Valencia Man Sentenced to 2 Years for Filing a False Tax Return


A Valencia man convicted of filing a federal tax return after he failed to report income made by having his company pay for many of his personal expenses was sentenced Monday to 24 months in federal prison.

Walter Daniel Prezioso, 47, the former vice president and manager of the now-defunct GSP Precision, Inc., was sentenced Monday by United States District Judge John F. Walter, according to a news release issued by the United States Attorney’s Office.

A federal jury in November convicted Prezioso of one count of willfully subscribing to a false 2013 federal income tax return.

Linda Lowery, spokeswoman for the Criminal Division of the Internal Revenue Service, said news of the conviction should serve as a reminder for people preparing their taxes.

“You are responsible for what is written down,” Lowery told The Signal Monday. “Your income should be reported accurately.”

In the early 1990s, Prezioso began working at GSP Precision, a Burbank-based machine shop owned by his father and a third party.

In 1997, his father sold half of his shares to Prezioso, making his son a 25 percent owner. By 2001, Prezioso had full control of GSP’s operations and held sole authority over the corporate checking account.

By 2007, Prezioso was using his control over GSP’s checking account and corporate lines of credit to make payments for many of his personal expenses, including luxury automobile leases and the construction of a tennis court and swimming pool at his residence, according to the evidence presented at trial.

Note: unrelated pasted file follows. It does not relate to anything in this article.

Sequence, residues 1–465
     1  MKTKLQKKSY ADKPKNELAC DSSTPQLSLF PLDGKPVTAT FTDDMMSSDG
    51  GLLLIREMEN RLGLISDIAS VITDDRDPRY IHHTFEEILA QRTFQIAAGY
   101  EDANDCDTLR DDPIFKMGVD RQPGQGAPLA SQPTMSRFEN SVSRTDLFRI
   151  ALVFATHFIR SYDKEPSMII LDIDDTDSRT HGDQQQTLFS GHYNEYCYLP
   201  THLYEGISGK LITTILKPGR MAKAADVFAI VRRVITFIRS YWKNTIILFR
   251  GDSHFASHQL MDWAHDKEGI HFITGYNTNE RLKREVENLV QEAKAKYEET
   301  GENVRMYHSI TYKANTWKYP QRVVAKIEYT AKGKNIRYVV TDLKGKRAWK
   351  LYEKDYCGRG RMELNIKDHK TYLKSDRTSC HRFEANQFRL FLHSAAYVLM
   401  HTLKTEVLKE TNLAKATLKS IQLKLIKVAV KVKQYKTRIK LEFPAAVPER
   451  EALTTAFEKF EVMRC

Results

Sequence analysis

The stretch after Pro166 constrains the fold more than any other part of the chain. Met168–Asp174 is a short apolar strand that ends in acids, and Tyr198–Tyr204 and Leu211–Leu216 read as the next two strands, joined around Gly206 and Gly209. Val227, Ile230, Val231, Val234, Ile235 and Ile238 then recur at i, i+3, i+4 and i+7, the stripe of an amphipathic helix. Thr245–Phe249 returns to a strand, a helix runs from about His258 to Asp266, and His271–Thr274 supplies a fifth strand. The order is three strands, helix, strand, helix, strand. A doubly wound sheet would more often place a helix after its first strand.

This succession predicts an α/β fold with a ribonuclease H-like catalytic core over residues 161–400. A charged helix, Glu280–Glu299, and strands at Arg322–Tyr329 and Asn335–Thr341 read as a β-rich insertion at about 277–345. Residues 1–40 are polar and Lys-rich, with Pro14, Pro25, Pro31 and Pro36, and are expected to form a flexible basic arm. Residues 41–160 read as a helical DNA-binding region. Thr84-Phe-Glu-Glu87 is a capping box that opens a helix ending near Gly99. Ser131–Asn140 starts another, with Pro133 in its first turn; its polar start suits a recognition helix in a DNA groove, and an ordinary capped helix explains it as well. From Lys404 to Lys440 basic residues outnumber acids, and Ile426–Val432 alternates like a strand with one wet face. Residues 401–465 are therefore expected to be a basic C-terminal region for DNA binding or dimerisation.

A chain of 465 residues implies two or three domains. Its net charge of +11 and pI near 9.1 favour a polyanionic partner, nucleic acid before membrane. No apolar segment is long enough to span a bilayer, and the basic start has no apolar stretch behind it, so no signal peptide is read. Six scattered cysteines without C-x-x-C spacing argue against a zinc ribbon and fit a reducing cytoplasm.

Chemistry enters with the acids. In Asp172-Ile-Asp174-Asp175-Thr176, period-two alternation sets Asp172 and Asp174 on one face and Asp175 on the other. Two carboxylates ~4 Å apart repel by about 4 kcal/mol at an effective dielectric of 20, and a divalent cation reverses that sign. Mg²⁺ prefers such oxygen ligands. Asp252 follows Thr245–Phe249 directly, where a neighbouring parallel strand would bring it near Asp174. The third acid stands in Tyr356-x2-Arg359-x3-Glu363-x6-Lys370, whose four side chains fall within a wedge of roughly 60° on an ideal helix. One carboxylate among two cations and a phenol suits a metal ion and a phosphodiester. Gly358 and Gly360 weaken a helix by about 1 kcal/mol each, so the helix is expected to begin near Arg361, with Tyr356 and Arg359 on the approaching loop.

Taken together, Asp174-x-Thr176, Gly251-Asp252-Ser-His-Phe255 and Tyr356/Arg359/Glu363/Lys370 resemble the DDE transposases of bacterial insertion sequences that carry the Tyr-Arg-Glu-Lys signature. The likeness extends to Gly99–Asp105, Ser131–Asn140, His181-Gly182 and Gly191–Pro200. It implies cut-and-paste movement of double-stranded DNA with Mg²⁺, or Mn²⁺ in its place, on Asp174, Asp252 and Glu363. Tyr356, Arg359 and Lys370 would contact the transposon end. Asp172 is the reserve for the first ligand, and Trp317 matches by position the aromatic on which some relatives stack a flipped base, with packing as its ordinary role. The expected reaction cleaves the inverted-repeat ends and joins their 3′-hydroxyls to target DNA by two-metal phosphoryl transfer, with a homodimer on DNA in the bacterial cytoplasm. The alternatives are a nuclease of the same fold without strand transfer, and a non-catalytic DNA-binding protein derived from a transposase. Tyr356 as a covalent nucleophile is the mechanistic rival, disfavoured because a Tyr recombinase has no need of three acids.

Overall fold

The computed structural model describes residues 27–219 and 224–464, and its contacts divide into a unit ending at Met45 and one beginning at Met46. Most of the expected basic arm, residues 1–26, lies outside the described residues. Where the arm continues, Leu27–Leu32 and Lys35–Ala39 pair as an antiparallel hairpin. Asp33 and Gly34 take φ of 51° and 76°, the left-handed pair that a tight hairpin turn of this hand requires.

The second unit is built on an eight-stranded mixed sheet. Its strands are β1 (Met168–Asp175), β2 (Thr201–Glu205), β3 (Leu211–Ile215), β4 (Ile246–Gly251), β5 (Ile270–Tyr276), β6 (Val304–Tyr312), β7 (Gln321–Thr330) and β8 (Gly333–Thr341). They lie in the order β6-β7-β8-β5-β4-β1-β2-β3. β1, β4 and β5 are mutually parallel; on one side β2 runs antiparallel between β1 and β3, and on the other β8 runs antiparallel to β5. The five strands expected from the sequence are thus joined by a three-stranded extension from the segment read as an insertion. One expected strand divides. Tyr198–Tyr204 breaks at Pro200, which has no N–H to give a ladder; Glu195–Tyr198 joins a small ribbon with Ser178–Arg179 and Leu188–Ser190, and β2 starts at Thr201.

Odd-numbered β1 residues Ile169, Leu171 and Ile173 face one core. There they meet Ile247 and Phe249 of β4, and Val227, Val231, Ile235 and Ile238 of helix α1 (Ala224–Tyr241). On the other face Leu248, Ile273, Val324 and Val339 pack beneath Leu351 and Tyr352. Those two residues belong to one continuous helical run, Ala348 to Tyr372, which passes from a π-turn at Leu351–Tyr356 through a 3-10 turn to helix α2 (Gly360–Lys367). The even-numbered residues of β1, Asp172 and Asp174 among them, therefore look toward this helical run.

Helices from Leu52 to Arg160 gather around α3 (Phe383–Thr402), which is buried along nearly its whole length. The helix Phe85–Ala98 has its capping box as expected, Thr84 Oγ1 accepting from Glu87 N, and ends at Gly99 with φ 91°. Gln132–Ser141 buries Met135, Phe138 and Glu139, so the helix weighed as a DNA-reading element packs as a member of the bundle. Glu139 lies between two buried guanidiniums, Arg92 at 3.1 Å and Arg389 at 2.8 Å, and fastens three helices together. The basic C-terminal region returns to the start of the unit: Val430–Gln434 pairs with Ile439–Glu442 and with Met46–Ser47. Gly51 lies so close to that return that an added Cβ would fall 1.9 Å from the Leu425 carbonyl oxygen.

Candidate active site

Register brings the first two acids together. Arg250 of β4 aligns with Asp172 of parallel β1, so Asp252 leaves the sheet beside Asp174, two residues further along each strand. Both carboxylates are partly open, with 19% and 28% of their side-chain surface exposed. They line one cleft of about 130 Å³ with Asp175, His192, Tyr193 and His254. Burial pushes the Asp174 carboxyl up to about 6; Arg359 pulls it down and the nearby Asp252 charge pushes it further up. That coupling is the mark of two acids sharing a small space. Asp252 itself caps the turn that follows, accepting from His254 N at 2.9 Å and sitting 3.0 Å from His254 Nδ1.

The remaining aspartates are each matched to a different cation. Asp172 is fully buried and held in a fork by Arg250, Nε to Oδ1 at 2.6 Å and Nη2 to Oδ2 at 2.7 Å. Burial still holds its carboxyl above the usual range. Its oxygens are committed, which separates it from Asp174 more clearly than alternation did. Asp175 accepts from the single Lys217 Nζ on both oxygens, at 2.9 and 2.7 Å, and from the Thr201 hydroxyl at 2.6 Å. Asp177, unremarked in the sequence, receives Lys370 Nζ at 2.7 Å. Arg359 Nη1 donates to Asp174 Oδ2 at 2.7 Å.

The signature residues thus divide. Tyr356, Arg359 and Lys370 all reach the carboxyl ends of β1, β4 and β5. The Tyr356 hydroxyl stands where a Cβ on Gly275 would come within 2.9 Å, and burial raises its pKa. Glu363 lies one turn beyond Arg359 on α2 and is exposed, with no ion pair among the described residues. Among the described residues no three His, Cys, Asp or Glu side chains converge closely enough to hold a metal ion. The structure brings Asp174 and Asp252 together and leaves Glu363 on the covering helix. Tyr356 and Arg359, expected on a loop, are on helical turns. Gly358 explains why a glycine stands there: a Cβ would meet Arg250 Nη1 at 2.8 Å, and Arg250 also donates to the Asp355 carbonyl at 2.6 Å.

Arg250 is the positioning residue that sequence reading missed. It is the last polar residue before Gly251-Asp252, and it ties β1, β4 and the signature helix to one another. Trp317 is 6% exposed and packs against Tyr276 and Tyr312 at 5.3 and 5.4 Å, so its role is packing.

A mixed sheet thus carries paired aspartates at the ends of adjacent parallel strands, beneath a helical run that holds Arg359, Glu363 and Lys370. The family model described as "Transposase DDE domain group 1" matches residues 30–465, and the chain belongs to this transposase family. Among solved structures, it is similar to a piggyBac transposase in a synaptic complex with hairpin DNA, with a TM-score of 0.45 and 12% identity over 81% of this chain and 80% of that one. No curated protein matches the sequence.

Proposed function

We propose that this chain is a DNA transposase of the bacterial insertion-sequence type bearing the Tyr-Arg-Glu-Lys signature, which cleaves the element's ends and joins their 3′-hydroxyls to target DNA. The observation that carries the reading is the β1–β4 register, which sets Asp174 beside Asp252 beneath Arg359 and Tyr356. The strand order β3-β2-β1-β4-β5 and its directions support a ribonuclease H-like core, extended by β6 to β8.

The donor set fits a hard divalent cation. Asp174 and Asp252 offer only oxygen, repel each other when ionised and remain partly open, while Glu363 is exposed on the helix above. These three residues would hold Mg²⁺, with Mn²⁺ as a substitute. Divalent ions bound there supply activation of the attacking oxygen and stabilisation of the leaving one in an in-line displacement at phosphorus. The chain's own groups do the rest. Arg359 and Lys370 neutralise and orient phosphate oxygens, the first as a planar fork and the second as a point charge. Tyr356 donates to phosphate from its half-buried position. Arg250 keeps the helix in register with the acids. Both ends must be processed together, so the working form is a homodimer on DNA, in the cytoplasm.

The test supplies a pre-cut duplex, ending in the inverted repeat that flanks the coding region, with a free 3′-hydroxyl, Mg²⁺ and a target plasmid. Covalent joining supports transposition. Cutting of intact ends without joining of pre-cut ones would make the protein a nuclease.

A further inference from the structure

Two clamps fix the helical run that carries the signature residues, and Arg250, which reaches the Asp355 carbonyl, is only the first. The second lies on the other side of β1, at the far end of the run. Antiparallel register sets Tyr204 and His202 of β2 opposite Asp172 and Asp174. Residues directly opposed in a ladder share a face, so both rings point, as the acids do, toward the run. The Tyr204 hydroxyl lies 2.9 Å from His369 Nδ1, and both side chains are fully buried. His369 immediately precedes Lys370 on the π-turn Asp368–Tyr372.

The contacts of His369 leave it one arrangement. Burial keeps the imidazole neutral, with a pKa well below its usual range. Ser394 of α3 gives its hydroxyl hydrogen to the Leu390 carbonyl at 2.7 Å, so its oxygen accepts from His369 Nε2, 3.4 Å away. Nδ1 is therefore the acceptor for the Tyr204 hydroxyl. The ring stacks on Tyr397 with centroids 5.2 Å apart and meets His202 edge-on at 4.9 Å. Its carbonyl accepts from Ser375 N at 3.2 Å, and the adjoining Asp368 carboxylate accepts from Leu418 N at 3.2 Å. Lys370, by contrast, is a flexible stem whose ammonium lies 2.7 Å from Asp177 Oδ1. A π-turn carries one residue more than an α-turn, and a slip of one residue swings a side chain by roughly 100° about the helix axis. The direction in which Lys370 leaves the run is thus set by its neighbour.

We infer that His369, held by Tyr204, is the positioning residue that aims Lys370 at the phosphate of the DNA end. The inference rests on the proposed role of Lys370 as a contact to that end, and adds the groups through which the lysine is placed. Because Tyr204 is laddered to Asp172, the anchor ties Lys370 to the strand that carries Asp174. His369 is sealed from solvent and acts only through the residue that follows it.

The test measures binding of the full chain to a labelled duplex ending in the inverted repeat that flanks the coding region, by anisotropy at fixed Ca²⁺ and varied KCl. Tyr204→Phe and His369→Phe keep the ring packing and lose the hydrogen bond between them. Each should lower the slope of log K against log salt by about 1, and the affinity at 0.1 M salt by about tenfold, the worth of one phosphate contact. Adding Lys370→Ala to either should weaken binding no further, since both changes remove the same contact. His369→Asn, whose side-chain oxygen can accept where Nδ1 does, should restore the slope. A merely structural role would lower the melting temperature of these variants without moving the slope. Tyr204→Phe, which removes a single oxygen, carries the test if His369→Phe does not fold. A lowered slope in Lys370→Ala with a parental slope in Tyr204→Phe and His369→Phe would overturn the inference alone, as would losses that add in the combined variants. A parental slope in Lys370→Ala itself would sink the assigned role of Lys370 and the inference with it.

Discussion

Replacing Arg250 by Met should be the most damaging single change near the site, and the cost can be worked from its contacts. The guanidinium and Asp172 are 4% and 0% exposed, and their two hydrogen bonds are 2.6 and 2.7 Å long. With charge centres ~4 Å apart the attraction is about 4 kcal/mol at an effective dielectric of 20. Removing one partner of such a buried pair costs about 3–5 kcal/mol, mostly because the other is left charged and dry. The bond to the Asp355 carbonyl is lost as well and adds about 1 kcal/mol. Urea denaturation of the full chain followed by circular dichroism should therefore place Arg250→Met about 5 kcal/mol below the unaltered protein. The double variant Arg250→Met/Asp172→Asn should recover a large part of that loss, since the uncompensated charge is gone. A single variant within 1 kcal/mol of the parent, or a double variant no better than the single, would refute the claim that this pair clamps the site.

Between 2007-13, according to court documents, Prezioso used GSP funds to pay for hundreds of thousands of dollars in personal expenses, according to the news release.

He concealed the expenditures as legitimate business expenses on GSP’s books and records, thereby ensuring that his true income from GSP would not be reported on his Forms W-2 or as officer compensation on GSP’s corporate tax returns.

Prezioso failed to report any of the additional compensation on his individual income tax returns, resulting in a tax loss of more than $751,000, according to the government’s evidence.

The jury that convicted Prezioso of subscribing to a false 2013 individual income tax return acquitted the defendant of seven additional counts.

The investigation into Prezioso was conducted by IRS Criminal Investigation.

The case was prosecuted by Assistant United States Attorneys Paul H. Rochmes, Valerie L. Makarewicz and James C. Hughes of the Tax Division.

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